Late frost in Europe goes further than France – and far beyond wine
Newspapers and magazines featured striking images of France’s most famous wine regions earlier this month, showing romantic French vineyards filled with lighted candles and oil lamps in an effort to protect young grape buds from the effects of a sudden cold snap. Follow-up stories have often focused on the part of the harvest in France that will be lost due to frost and on the great French wines that could be affected.
But the extreme cold that threatened France’s wine regions in early April is less than half the story. In fact, the recent cold snap has spread across the European continent, affecting producers thousands of kilometers or more from Bordeaux and Burgundy. In addition, beverage activities beyond wine are impacted.
In Umbria, in central Italy, waves of freezing nights in early April cooled the Montefalco wine region to the bone. Filippo Antonelli, president of the local wine cooperative Consorzio Tutela Vini Montefalco, told VinePair that the region’s beloved Montefalco Sagrantino DOCG is unlikely to be affected this year, as Sagrantino is a late-ripening grape.
The bad news? The other favorite varieties of the region suffered. Damage is estimated to be at least 10 to 70 percent, threatening this year’s Montefalco Rosso DOC and Montefalco Grechetto DOC vintages.
“Varieties such as Sagrantino and Trebbiano, being later, were less affected than Sangiovese and Grechetto, which are the grapes most affected. [here]», Says Antonelli. “Consumers can therefore expect price increases, as harvests will be lower, especially with regard to [to] white wines, which often also come out the same year. “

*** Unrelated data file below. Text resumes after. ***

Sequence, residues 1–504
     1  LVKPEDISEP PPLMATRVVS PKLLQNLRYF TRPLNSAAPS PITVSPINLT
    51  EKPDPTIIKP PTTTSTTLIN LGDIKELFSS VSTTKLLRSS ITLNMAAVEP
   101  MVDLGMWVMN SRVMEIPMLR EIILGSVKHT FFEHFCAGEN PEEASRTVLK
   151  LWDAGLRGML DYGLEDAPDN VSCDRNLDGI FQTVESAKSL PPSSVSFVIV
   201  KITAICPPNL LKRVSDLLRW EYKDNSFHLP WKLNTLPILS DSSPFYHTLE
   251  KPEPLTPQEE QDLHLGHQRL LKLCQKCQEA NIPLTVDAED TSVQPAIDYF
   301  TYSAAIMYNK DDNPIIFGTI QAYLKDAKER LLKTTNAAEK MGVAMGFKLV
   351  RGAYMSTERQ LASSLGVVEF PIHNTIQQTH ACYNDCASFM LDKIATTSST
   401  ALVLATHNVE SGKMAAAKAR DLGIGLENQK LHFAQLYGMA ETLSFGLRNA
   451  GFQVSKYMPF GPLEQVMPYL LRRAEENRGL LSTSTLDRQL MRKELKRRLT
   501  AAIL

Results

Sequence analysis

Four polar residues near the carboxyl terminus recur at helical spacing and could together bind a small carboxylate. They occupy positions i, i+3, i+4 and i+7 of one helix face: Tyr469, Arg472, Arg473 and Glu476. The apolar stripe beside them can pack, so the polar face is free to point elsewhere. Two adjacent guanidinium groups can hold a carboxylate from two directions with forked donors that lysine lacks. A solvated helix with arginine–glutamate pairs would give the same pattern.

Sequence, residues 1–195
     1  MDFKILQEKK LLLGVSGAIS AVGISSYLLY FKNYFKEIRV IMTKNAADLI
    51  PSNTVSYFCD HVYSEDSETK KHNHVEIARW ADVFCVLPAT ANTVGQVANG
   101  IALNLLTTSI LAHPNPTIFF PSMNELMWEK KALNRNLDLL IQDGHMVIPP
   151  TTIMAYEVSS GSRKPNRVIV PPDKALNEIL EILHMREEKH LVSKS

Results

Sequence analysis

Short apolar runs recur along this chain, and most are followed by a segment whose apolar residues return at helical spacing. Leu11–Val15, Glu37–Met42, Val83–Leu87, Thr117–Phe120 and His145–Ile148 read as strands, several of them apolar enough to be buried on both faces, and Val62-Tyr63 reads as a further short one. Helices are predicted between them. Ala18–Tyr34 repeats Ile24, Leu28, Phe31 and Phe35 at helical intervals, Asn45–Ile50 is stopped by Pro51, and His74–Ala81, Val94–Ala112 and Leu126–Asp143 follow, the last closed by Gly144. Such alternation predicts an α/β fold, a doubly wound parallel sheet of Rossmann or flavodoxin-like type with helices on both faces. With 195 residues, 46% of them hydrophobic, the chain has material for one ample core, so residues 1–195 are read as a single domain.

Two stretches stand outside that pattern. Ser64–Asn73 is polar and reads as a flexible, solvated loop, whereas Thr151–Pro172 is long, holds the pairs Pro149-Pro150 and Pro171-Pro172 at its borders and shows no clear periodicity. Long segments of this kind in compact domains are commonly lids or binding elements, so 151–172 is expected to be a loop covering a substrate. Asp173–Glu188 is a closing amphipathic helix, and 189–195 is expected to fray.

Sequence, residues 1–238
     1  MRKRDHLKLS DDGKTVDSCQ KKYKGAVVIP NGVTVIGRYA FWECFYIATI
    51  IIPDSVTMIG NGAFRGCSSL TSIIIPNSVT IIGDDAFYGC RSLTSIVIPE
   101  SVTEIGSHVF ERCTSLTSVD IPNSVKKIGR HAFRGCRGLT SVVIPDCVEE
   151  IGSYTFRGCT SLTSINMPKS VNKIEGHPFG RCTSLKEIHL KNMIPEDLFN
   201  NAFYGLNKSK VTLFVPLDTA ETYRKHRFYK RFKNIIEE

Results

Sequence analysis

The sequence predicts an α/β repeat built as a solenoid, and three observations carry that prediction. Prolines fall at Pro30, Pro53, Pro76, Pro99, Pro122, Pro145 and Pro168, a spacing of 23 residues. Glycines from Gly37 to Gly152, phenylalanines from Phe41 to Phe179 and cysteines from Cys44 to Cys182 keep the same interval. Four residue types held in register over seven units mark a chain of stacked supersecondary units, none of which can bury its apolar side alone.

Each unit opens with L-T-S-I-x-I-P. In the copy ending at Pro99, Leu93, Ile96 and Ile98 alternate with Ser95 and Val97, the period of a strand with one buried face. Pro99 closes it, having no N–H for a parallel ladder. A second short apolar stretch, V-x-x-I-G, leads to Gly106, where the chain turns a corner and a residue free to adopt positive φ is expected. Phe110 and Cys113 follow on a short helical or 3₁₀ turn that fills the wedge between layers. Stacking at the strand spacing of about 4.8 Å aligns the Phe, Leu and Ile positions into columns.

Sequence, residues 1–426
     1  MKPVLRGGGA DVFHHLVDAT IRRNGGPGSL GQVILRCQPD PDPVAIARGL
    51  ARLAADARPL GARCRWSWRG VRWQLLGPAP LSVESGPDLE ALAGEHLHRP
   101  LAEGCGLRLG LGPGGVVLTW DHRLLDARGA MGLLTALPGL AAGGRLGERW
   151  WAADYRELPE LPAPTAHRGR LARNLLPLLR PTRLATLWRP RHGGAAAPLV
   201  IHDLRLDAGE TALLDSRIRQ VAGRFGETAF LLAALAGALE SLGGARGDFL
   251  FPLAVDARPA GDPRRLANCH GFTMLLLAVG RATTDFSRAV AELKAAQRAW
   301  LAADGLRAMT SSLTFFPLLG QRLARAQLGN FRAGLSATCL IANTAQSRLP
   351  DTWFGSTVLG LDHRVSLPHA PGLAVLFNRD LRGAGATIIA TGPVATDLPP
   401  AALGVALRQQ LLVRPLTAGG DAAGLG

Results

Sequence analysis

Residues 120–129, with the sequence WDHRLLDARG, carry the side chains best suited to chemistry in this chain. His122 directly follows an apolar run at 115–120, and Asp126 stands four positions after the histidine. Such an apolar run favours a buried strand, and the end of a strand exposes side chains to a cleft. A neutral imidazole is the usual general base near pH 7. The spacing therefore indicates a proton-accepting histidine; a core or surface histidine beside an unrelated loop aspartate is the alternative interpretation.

Other wine regions up and down the Italian peninsula have been hit by severe frosts. In Piedmont, the unusual cold damaged up to 40% of early maturing grape varieties, the Quotidiano Piemontese newspaper reported, with particular damage in the Nebbiolo growing areas of northern Piedmont and the Barbera vineyards near Barbera. Asti, Nizza Monferrato and in the Tiglione Valley. Claudio Biondi, president of the Lambrusco Protection Consortium, told ANSA news agency that up to 80% of the Lambrusco harvest in some areas of Emilia Romagna could be damaged.
Daniele Toniolo, a sommelier who designs and hosts tours of Italy’s wine regions for Europe Sideways, says the cold snap is a particularly hard bounce for the country’s smaller producers, as their businesses were already suffering from the pandemic.
“The Covid-19 restrictions have severely affected their economy, as most of them also offer accommodation and cooking classes, truffle hunting trips and other outdoor activities,” says Toniolo. “They’re going to recover, but it’s a tough break, especially at this point. They are really looking forward to welcoming visitors again. “
Other regions of Europe have had similar experiences: winegrowers in Belgium, Switzerland, Austria, the Czech Republic, Slovakia and elsewhere were forced to take measures to protect their plants during the recent frost. . Although candle-filled vineyards are extremely photogenic, farmers actually used a number of different techniques to protect their crops, including smoke, steam, and even ice, spraying water that when frozen. , protected delicate heads from even lower air temperatures. frozen.
In Piedmont, the Franco Conterno winery lost about 60 percent of its harvest of grapes, mainly the early maturing Nebbiolo, according to co-owner and winemaker Daniele Conterno. The winery has managed to save many of its younger, recently planted vines, he says, by burying them underground.